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144th Scottish Gathering & Games

Family entertainment part of Labor Day weekend event

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144th Scottish Gathering & Games

Ryan Vierra throws the 26.6-pound stone putt.

Photo contributed/


POSTED August 29, 2009 2:10 a.m.
PLEASANTON — You needn’t incur the high expenditures of going to London to see the pomp and ceremony of the famous Pipes & Drums - 1st Battalion Scots Guards parading at Buckingham Palace.

The world famous pipe band will be in Pleasanton on September 5 and 6 to take part in the 144th edition of the world’s largest Scottish Highland Gathering & Games at the Alameda County Fairgrounds.

 Created in 1642 when King Charles I commissioned the Marquis of Argyll to raise a regiment of personal guards in Scotland. The regimental band continues today, steeped in history, as both a pipe band and as highly trained soldiers.

These soldier-musicians will share the limelight both days during the Massed Bands Closing Ceremonies in front of the grandstands with the 45-piece U.S. Marine Band San Diego. Both bands will perform individually, then together in one of the world’s only integrated performances by military bands from Scotland and America.

Add to this 28 competition pipe bands from the U.S. and Canada marching onto the front straightaway of the track and you have one of the most spectacular musical performances in the U.S., roughly 800 pipers and drummers!

Of course the military and competition bands are but one of the many facets of these storied Games.

The 35th U.S. Invitational Heavy Events Championship, plus the World Celtic Hammer Championship, brings the strongest and best athletes in the world in the professional division, including 2008 World Champion Sean Betz of Omaha, NE, seven-time World Champ Ryan Vierra of Stevenson, CA and All American Champion Harrison Bailey III of Easton, PA. British Champion Scott Rider, who missed last year because of appendicitis, will make his first appearance at Pleasanton.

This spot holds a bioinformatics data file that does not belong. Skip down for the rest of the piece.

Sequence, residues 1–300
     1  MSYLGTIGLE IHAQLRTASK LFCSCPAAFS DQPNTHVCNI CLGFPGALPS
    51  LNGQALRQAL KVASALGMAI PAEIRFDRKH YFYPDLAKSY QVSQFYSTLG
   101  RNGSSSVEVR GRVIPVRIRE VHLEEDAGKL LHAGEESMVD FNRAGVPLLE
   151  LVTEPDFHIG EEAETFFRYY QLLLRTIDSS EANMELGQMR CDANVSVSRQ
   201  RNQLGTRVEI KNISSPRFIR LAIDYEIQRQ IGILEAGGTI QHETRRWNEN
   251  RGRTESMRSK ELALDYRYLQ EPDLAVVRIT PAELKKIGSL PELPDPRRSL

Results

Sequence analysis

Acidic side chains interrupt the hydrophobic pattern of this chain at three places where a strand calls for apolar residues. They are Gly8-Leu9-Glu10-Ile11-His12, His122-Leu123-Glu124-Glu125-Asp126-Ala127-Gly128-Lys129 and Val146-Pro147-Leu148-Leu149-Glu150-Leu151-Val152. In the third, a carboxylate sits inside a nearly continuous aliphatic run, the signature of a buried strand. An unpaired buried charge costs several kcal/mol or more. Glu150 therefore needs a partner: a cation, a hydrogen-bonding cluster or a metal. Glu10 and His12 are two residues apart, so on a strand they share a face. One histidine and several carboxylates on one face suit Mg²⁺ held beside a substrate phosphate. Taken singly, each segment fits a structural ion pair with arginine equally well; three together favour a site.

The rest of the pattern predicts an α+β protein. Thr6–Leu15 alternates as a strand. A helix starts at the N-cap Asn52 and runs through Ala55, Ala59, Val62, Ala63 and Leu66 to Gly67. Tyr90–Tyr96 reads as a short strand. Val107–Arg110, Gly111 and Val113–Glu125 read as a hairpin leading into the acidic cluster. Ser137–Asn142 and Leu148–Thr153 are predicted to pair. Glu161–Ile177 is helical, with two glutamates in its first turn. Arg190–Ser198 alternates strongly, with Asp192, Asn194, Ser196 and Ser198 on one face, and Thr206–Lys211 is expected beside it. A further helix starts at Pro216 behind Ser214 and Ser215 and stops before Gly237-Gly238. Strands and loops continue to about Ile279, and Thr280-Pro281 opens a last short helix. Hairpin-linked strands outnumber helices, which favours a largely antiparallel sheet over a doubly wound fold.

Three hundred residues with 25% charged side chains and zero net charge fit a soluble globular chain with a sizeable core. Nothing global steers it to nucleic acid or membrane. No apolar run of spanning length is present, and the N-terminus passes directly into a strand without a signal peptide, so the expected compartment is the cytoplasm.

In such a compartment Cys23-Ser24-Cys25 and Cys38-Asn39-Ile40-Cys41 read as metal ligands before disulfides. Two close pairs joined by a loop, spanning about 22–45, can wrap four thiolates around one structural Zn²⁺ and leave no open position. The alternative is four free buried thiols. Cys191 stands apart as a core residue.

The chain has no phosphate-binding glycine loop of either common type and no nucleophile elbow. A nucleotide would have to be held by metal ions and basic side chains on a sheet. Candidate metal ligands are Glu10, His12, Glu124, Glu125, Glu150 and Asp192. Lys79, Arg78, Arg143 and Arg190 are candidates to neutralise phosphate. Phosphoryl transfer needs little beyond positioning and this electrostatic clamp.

The Western U.S. Highland Dancing Championship brings together competitors in five age groups from throughout California.

And the list goes on of things to do and see at the Scottish Highland Gathering & Games. Six stages of continuous musical entertainment,  from traditional to heart-pounding Celtic Rock. Among the groups is Tempest, Wicked Tinker and Molly’s Revenge in the Celtic rock venue with the harmony of the Browne Sister and Golden Bough among the traditionalists. Also featured is Scotland’s Isla St. Clair. Other stages present Scottish country dancing, fiddlers and harpers.

One of the nation’s largest gathering of clans holds a fascination for many.

Living History takes you back in time with Mary Queen of Scots and her entourage. The fierce highland warriors, the Roman Legions occupying forces and the invading Vikings portray a captivating panorama.

The fascinating Birds of Prey with over 25 hawks, falcons, owls and other flying predators presented by their handlers. The sheepdog trials showcases the abilities of the dog and its handler herding sheep. the big and stately Clydesdale horses are a marked contrast to the miniature highland cattle.

The Children’s Glen is always popular for the wee ones. And for the adults, there is the whisky tasting venue and seminars on the finer points of the single malt spirits.

Five-A-Side soccer, Rugby and the ancient Scottish sport of Shinty add to the agenda. On display are a number of British motor cars.

British and American food and drink is available throughout the fairgrounds and at the Red Lion Pub.

The gates open both days at 9 a.m. Following the 6:30 p.m. closure Saturday the Red Lion Pub will host a Ceilidh (Scottish party) with open microphone and a barbecue dinner.

One day adult admission is $17, 2-day is $25. Single day youth 8-16, seniors 65-plus and handicapped are $10. Under 8 is free, as is the military when showing and active duty ID.

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